The prevalence of malnourishment in Madagascar is higher than it was in 1992, and acute child malnutrition is on the rise. The Malagasy people also face low and unequal access to safe water, sanitation and health treatment. These problems suggest possible failures on the part of the government to give priority to the progressive realization of economic, social and cultural rights according to maximum available resources.
Making human rights accountability more graphic
CESR's factsheet (ici en Français) on Madagascar provides a graphic overview of selected elements of the human rights to food, health and water, seeking to highlight areas where government efforts to realize these rights may be inadequate. It was prepared in light of Madagascar's appearance before the UN Committee on Economic, Social and Cultural Rights (CESCR) in November 2009.
The 43rd Session of the Committee on Economic, Social and Cultural Rights
CESCR is the body of independent experts that monitors implementation of the International Covenant on Economic, Social and Cultural Rights.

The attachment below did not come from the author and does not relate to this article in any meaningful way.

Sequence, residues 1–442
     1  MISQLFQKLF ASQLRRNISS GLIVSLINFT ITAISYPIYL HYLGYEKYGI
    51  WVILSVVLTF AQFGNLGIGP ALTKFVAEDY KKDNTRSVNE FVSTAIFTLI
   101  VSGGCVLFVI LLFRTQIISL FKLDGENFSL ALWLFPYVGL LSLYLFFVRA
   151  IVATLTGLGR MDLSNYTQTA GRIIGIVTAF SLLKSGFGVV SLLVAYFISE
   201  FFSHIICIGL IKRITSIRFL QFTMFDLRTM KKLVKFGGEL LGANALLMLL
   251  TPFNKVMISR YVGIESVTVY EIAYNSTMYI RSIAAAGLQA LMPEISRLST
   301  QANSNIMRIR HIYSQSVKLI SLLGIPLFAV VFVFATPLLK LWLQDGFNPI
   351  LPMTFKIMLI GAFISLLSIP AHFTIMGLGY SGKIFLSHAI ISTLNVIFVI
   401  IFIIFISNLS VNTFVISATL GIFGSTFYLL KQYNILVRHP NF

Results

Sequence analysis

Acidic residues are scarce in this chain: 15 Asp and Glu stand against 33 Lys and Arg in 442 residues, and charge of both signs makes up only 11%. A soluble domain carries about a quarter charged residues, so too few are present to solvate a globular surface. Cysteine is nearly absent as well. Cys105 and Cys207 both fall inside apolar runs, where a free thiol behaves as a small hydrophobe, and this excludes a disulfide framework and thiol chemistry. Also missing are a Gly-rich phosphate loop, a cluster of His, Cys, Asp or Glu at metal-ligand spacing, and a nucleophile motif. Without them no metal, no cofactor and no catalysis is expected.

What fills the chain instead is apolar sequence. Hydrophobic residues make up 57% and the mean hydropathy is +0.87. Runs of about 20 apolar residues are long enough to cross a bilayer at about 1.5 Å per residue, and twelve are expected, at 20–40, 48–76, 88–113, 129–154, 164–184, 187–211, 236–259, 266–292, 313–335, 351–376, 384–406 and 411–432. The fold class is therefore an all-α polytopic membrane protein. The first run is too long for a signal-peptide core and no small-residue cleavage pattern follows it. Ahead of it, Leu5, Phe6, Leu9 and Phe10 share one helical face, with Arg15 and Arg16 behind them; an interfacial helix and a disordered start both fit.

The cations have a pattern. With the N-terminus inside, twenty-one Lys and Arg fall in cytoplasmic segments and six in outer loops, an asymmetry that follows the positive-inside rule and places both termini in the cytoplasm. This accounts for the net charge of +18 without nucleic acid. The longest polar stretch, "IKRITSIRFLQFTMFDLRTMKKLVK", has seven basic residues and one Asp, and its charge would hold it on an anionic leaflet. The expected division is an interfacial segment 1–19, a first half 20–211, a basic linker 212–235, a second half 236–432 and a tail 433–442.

Part of CESCR's 43rd session (November 2-20, 2009 in Geneva) focused on the consideration of the state reports submitted by Madagascar.
In light of its consideration of Madagascar's reports, and the subsequent discussion, the Committee adopted its concluding observations. These concluding observations list principal subjects of concern along with suggestions and recommendations to the state party. Some listed concerns that were highlighted by CESR's factsheet include:
- Concerns about Law No. 2007-037 allowing property acquisition by foreign investors, especially for agricultural purposes, which have an adverse impact on people's right to food;
- Concerns that the majority of Malagasy people live in poverty and that half of the population does not have access to clean water or adequate sanitation facilities;
- Concerns about the high child mortality rates and the lack of adequate maternal health care;
- Issues related to the high malnutrition prevalence among children and the general population and the generally insufficient budget allocations for health care.